Peter Wegner’s Centenarians

In 2021 Australian artist Peter Wegner won Australia’s prestigious portrait painting prize, the Archibald, with his painting of the Australian artist Guy Warren, who also happened to be a centenarian. That year also happened to be the prize’s centenary. Coincidence? Who knows! Regardless, the portrait was in fact part of a Centenarians project which Wegner has been working on since 2013.

As it so happens, on our drive down to Melbourne a few days ago we stopped, as we often do, at the lovely Benalla Art Gallery. It has a great cafe overlooking the Broken River (a tributary of the Goulburn); it has three exhibition spaces offering varied programs; and its little gift shop is also excellent. On this visit, the smallest space, the Simpson Gallery, was occupied by an exhibition titled Peter Wegner: The Centenarians. This exhibition comprises pencil and beeswax sketches of 20 centenarians made by Wegner between 2015 and 2019. (Given some of the subjects we saw were born in 2021, this means that “centenarians” includes those nearly 100 as well as those who were actually 100 when they were drawn).

The exhibition notes quote Wegner on the process and his aims:

Each drawing was completed from life in an afternoon or morning with little alteration to that first impression, they are moments captured within a time allowed.

The exploration of ageing and how well we age is central to this project. Maintaining human dignity and independent living are important issues as we age, alongside the question of what it means to have a productive and meaningful life. One’s good fortune in life was acknowledged by nearly all of my sitters—sometimes bewilderment about having reached such an age was expressed.

I loved them, partly for the art work which seemed to capture their subjects beautifully (though of course, I don’t know them), but also for the centenarians’ little commentaries which Wegner incorporated into the sketches.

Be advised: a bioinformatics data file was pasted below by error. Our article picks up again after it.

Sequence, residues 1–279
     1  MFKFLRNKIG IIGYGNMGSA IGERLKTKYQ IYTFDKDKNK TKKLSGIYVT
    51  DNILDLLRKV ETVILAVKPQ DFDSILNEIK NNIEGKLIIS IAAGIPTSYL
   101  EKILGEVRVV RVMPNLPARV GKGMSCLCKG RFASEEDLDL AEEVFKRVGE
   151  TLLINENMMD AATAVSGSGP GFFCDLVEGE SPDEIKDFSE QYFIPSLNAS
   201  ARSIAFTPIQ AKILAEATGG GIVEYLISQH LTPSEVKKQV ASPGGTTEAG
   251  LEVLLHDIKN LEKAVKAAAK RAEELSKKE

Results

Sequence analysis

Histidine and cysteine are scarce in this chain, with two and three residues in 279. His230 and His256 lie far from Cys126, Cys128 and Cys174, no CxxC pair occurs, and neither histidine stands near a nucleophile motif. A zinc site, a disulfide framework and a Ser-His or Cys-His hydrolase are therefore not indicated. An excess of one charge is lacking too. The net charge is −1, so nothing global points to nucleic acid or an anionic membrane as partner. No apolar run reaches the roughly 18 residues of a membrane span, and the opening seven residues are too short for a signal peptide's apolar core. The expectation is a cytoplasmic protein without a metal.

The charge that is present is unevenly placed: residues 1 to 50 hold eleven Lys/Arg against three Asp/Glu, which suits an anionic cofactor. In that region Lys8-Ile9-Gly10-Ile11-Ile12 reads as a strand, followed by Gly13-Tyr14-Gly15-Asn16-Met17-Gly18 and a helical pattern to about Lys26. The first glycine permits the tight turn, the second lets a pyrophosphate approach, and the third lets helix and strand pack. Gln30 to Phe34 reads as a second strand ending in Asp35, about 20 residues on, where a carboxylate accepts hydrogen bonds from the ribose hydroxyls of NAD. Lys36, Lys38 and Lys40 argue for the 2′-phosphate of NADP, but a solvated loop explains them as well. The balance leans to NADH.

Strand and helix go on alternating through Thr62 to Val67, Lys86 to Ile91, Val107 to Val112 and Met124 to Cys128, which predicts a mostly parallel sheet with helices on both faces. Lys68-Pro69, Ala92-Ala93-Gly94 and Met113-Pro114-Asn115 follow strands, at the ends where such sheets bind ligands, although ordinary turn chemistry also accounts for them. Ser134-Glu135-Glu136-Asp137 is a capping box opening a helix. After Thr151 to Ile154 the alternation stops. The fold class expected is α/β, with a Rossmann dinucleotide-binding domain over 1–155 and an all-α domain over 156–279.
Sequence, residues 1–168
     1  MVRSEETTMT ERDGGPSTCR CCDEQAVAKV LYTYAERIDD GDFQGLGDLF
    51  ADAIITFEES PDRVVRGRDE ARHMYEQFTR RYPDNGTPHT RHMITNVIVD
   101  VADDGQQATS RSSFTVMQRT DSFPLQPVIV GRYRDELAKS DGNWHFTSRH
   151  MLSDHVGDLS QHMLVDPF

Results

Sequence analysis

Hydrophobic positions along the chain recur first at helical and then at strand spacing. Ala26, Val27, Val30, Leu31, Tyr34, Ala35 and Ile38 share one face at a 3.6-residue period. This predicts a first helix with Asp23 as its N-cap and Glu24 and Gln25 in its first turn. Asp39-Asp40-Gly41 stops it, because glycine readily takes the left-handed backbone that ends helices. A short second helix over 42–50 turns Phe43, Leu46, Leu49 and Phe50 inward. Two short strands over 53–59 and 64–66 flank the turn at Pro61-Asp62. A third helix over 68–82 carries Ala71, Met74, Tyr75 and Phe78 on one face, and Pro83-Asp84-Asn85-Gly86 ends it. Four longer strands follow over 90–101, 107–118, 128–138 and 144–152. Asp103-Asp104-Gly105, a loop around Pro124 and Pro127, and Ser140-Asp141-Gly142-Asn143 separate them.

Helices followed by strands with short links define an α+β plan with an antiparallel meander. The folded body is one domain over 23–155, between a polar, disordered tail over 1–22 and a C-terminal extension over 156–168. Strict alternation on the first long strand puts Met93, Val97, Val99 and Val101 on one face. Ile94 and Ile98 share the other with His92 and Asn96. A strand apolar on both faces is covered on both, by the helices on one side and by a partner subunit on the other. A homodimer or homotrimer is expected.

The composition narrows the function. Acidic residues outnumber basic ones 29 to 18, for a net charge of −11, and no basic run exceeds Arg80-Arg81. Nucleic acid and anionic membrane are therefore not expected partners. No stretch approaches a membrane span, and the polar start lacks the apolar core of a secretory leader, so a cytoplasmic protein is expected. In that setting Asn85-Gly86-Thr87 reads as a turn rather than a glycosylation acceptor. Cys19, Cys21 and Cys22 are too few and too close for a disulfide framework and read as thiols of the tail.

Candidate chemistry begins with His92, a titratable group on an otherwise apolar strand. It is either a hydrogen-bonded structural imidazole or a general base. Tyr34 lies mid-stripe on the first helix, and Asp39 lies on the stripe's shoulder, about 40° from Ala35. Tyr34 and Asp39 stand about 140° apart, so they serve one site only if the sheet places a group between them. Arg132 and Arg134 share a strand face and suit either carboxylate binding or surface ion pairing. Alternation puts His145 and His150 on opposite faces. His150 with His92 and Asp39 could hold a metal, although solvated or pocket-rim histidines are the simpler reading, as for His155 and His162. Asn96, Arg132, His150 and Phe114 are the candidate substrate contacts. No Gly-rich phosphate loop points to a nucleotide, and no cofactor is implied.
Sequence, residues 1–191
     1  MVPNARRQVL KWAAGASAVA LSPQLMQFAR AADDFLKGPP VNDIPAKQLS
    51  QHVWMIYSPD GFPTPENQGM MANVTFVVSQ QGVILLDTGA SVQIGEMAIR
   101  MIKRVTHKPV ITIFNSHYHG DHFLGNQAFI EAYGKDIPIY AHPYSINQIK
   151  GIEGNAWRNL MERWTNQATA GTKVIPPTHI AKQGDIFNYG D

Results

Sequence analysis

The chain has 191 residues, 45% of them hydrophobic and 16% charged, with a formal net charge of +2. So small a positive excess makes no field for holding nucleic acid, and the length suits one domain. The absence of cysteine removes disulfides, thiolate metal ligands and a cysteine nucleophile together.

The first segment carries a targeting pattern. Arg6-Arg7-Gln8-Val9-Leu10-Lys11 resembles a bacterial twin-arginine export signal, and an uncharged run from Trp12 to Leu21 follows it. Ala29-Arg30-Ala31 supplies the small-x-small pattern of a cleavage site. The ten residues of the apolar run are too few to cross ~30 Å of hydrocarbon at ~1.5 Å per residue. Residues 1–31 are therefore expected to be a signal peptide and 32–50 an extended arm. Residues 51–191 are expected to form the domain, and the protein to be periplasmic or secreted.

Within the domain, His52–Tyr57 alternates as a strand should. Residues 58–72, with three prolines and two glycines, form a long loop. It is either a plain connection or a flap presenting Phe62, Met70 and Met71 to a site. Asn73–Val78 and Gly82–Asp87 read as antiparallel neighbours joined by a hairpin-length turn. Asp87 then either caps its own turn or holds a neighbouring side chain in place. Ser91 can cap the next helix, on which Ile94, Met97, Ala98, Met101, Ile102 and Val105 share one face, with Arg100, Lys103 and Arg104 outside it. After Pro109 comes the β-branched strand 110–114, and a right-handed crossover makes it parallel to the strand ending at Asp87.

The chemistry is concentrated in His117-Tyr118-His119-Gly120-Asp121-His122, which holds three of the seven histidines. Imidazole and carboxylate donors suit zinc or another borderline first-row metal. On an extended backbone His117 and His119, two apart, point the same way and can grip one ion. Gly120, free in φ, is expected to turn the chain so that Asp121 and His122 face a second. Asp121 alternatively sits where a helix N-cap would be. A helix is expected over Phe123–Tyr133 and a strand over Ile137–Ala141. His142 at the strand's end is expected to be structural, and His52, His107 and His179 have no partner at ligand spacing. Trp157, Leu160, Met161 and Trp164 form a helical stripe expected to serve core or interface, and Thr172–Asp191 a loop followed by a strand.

Boz Parsons (b. 1918, sketched 2018)

Most of these commentaries reflected on how they’d lived to an old age – and here’s the probably-not-surprising thing, there was no consensus. For example, some never drank, some had a glass of wine with a meal, while one had beer before dinner and wine with dinner. A couple mentioned genes, though not many. A few mentioned work and/or attitude, like not worrying. As Boz Parsons said, “there is no secret to living a long life”!

So, for example, when sketched in 2019, Jack Bullen (born 1921) had two glasses of wine every night, and still had his driver’s licence but didn’t have many “close friends” because “they didn’t see the distance”. Sylvia Draeger (also born 1921) reckoned “the secret to a long life – take one day at a time”. Married twice, she says “I’m not looking for another husband”. Maisie Roadley, another born in 1921, says “I never worry. Hard work and a glass of wine every night”.

Erwin Fabian (b. 1915, sketched 2017)

But my favourite is Mim Edgar (born 1914, sketched 2018) who said “I don’ feel very old. When I’m sitting down I feel 16. When I then stand up I feel 100”. Haha, know the feeling!

Gallery Director, Eric Nash, introduces the exhibition in its catalogue. He comments that the portraits have both a “stillness, and a sense of energy and vitality”. He’s right. The life is there in the expressions, while the poses have a lovely stillness.

Nash also suggests that the portraits have lasting value for two reasons. One is that they preserve “the sitters’ accumulated knowledge and insights”. He notes that the artist has ensured this by dipping the drawings in beeswax “to protect the pencil markings”. This also gives the work an effective sepia tone. The other reason, Nash says, is that the works

could inform how we as a society support our older residents to continue enjoying enriching lives. Wegner has particularly sought sitters who “are still living lives with my mobility, curiosity and purpose … the exploration of ageing and how will we age is central to this project”.

Colin being congratulated on his 100th by two grandchildren.